• What's Wrong with Timmy? by Maria Shriver 
  • Rolling Along with Goldilocks and the Three Bears by Cindy Meyers and Carol Morgan 
  • Leo the Late Bloomer by Robert Kraus 

Give the children in your class time to meet the child and then answer questions as they come up in a simple manner. For instance, if a child says, "Why doesn't Chris walk?" a teacher can respond by "His muscles are not as strong as yours, so he is able to move around in a wheelchair." The teacher should not address the disability unless a child asks a specific question about a difference related to the syndrome. 

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I currently have no children with special needs in my class, but I still want the children in my class to be aware of different abilities, what can I do? 

It is important for all children to learn about difference, including differences in ability, race, culture, gender, and age. By placing books and posters around the classroom that represent differences in people, children become more accepting of differences. Teachers may want to add a weekly theme titled "I am special" for children to read and learn about disabilities, differences, and uniqueness and how all children are special in their own way. 

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What is an IEP and an IFSP? 

Individual Education Plan (IEP) is a written plan describing services, providers, locations, and goals for services for children over the age of three years. It is written by a team of individuals and coordinated by the local school district. Priorities are more pre-academic or academic in nature, and services are provided in a least-restrictive environment (to the maximum extent possible. Students with disabilities must be included in a regular classroom with appropriate aids and typically developing peers). 

Individualized Family Service Plan (IFSP) is a written plan describing services, providers, locations, and goals for services and supports provided to child from birth through age 2 years old and the child's family. It is prepared by a team that includes the family, childcare providers, therapists, and special instructors. Services are family focused and provided in a natural environment (setting in the community where the typical infant or toddler participates, such as his/her home or child care).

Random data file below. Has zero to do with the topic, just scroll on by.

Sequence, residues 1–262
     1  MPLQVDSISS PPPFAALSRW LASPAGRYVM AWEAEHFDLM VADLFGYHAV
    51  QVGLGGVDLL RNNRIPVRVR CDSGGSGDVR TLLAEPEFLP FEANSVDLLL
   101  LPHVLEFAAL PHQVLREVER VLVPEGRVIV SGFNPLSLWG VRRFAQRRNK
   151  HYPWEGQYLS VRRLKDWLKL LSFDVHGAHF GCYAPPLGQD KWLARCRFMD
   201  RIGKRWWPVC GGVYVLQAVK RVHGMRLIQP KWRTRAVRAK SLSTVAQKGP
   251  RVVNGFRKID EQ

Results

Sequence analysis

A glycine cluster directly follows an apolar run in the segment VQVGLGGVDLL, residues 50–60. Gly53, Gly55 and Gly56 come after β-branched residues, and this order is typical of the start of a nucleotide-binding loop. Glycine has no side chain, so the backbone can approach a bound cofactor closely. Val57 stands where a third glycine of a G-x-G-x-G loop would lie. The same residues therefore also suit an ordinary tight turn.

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If I suspect a child in my class may have a delay, how do I approach his/her parents? 

The best way to prepare families for this type of discussion is to make sure that your philosophy emphasizes ongoing parent education and support. 

Frequently provide all families with information pertaining to child development, resources in the community, and suggestions on how to promote developmental skills at home. Caregivers that are familiar with what a typical 2-year-old is doing are more apt to recognize red flags in their own child. This information can be in the form of print materials, videos, or Internet. 

Provide information on development during parent workshops and open houses. This can be a great way to get families more involved in the center activities. 

Foster close working relationships with all families. Promote an environment of trust and support to ensure that your concerns are not perceived as threatening. 

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If there is a particular child that you are concerned about, you should have a discussion with the director of the center. The director should be the individual to talk directly to the caregivers, using specific examples that have been observed during daily routines and activities. For example, "during free play Matthew does not interact with his peers but prefers to play alone. He does not ask the teacher for help during self-care routines or learning activities. During one full day last week, he only said one word, and the teacher was not able to understand it."